In July of this year, The Guardian reported that the national average number of sick days for an individual has significantly fallen from 7.2 days in 1993 (when the data was first recorded) to 4.1 days in 2017. Some may consider this to be good news: less sick pay expenses, a healthier workforce, and more efficient teams across the UK. However, whilst this might be the case in some respects, it can also be seen from an opposing point of view: people are not taking care of themselves and placing enough emphasis on their own self-care.
The main reasons for sick days include cold and flu symptoms which made up a sizeable 26% of the survey with back pain following closely, especially within older age categories. However, amongst the ages of 25 to 34-year-olds, 9.6% of sick leave was due to mental health issues. Many may argue that this is the ‘snowflake generation’ at work but, given that a significant proportion of people might not feel comfortable ringing in sick with anxiety, it begs the question of just how low a representation this number actually is – especially when you consider that this number is up from 7.2% in 2009. The heavy implication here is that we are not looking after our emotional and mental wellbeing well enough.
In short, the workplace is a tougher place to survive than ever before: huge swathes of people can apply for any one job, deadlines and budgets are tighter meaning higher expectations placed on everyone from the top down, and social media, email etc. means we’re less connected from work now than we’ve ever been before – gone are the days of finishing at 5pm, being home by 6pm, and not thinking about the office until 9am the next day. It’s no wonder we’re all more stressed than ever! Ruby Wax, now a vocal advocate for those with depression, discusses how we, as a species, simply have not evolved to cope with modern life and discusses how exercising self-care can ensure that we do better at preserving our energy, happiness and ability to achieve in life – at work and otherwise.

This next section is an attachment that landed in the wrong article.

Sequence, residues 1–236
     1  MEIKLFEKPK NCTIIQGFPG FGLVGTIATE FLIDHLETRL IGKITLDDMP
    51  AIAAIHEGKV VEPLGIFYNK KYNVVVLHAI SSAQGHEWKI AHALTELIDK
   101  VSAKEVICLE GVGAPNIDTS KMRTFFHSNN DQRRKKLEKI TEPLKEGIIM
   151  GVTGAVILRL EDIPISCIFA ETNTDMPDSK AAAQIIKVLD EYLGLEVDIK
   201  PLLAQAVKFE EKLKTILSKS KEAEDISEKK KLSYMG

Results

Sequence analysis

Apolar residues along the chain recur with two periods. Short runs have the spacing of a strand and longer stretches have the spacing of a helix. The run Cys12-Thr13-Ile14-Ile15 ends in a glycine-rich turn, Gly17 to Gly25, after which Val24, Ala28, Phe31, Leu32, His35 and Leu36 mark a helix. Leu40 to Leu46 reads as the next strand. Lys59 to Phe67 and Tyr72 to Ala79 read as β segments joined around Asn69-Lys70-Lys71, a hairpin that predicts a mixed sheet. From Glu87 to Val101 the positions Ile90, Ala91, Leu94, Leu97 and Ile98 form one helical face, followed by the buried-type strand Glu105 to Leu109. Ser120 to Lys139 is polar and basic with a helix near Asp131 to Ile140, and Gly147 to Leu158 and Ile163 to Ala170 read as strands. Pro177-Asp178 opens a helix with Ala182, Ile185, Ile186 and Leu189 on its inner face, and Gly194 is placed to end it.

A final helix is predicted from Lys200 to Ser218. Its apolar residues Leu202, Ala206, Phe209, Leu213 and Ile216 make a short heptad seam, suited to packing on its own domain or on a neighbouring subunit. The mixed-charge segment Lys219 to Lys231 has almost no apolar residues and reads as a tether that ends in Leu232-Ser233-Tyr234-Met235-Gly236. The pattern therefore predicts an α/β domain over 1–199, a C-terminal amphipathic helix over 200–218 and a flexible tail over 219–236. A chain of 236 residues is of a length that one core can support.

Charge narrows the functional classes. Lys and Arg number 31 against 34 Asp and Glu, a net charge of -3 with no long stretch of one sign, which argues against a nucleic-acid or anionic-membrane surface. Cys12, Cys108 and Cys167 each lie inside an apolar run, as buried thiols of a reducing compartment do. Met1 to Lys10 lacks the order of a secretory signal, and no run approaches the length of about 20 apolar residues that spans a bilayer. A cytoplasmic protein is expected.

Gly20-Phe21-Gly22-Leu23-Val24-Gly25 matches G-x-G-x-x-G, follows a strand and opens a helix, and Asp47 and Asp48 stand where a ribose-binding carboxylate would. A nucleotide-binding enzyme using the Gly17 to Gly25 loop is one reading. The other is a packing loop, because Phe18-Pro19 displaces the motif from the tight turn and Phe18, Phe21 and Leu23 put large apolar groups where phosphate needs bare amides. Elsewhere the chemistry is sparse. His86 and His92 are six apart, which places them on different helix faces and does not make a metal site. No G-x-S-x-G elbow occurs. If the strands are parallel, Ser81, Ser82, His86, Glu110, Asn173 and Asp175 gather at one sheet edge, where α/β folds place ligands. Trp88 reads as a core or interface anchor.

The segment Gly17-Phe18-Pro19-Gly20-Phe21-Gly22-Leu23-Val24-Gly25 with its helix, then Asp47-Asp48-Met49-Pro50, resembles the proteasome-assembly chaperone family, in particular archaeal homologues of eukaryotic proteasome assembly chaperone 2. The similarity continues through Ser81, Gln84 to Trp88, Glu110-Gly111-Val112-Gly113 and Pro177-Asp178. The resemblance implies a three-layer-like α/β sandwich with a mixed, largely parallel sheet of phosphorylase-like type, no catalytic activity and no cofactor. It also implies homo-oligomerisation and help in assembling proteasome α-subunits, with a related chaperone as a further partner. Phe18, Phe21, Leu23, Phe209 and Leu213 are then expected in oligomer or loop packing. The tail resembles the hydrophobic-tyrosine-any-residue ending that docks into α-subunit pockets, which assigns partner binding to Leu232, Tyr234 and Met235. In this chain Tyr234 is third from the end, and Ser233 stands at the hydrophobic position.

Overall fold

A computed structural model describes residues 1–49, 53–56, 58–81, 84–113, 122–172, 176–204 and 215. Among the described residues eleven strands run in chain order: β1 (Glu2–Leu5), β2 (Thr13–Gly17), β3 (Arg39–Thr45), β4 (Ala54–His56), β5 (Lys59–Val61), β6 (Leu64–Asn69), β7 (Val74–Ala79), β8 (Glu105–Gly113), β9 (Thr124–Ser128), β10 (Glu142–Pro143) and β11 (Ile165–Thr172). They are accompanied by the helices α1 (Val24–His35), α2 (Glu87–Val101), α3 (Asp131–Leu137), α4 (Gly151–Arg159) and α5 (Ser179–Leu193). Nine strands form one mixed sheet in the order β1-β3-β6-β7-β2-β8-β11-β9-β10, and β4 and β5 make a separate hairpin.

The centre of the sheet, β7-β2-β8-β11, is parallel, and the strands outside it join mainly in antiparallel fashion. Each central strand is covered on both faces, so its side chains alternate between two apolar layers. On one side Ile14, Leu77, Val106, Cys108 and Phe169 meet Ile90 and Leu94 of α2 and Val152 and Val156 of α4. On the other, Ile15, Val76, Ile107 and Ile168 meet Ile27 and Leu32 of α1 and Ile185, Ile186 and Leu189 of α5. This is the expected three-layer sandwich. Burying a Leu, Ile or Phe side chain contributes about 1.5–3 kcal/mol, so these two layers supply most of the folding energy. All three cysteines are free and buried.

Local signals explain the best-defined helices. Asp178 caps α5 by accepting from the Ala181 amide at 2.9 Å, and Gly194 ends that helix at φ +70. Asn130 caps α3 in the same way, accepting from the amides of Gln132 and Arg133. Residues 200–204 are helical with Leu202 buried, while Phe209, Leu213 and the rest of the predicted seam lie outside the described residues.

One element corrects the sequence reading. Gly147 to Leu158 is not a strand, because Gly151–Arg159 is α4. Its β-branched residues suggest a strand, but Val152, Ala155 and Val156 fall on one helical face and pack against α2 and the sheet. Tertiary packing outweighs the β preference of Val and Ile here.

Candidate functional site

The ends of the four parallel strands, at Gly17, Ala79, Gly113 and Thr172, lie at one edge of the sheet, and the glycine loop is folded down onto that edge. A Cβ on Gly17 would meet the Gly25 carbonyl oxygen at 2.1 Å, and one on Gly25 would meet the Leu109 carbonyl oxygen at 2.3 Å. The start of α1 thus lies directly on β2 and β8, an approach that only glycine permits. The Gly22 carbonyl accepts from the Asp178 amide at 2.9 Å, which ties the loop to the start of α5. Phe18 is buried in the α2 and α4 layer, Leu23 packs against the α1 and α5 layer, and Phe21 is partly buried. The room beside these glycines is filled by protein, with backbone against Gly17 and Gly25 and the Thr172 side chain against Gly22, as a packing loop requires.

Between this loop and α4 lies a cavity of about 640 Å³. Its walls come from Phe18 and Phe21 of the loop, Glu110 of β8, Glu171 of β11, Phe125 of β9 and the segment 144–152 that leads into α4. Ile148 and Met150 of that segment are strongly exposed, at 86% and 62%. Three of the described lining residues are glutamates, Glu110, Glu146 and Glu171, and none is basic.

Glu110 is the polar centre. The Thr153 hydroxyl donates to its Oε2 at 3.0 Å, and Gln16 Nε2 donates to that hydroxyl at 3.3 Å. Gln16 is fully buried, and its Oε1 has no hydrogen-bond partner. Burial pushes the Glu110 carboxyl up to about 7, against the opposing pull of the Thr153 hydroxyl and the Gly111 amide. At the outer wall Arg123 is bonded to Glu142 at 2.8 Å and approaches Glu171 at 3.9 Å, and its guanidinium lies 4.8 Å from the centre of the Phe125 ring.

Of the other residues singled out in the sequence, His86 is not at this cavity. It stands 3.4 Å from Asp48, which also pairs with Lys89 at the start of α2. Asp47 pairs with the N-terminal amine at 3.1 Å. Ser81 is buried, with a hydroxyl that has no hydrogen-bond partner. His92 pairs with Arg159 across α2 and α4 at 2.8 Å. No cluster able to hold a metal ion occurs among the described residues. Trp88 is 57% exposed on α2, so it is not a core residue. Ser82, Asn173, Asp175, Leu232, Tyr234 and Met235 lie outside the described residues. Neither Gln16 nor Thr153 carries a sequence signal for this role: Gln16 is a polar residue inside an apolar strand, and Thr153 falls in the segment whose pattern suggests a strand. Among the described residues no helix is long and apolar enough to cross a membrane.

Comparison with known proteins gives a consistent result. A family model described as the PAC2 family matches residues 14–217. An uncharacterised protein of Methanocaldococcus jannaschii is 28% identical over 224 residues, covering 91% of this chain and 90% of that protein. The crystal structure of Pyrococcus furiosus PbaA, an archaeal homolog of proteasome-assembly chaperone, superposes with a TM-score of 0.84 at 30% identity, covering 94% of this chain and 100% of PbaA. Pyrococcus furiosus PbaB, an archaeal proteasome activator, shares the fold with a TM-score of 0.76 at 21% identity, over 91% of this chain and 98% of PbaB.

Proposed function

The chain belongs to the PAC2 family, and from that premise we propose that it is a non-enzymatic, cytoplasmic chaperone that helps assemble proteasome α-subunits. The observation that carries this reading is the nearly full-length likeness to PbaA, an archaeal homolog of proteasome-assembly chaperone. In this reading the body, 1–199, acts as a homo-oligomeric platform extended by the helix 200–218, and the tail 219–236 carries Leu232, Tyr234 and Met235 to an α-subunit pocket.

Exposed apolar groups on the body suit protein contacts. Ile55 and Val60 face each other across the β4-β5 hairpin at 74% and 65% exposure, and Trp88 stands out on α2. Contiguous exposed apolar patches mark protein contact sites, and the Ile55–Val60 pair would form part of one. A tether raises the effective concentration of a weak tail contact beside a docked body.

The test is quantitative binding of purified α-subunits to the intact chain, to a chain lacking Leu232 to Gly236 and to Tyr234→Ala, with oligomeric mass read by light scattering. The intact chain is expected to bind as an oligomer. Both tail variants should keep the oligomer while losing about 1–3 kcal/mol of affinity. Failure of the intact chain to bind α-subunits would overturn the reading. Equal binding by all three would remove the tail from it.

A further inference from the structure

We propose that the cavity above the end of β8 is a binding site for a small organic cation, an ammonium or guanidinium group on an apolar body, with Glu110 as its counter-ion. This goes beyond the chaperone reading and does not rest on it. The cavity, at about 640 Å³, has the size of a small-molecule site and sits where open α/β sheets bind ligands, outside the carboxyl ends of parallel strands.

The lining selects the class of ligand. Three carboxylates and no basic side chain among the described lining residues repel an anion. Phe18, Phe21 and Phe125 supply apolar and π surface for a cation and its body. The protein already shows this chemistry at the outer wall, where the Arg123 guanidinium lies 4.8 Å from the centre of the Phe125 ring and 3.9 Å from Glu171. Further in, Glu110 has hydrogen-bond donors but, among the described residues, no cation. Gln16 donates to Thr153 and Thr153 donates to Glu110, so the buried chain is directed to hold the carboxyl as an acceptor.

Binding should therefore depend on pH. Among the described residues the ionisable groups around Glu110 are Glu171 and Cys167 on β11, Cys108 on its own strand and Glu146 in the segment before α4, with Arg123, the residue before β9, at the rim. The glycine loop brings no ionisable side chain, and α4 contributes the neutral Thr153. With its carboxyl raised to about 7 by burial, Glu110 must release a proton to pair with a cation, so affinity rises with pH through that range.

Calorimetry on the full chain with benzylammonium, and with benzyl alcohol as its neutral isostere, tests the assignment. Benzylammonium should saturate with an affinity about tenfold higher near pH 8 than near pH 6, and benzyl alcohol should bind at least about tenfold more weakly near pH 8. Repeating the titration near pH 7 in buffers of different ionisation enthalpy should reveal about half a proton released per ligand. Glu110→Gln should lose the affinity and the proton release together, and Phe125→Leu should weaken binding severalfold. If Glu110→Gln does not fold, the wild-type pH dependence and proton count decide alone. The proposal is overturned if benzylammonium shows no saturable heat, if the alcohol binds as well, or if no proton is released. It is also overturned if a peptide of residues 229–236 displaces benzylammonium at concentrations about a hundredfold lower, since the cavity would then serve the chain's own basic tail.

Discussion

The truth is this: nobody is ever going to tell you to work less and so you need to implement your own routine of self-care to ensure your own wellbeing. The benefits for this are numerous and include everything from being a nicer person to be around, right up to performing better at work. If you are using mindfulness or exercise (as two examples) to manage your stress levels (let’s remember that you do not need to have clinical depression to require self-care) then you will make clearer, better decisions; you will be in a better place to empathise with co-workers and employees; and you will feel a lot more in control of your work load and your ability to manage it effectively.
The number of sick days may be decreasing overall, but there is an increase in the number of mental health days being taken. Self-care is an excellent way to be kinder to yourself and better at your job so make sure that you take the time you need to feel happier, lighter and less bogged-down by the stresses of modern life and work; you will be a better boss or employee for it.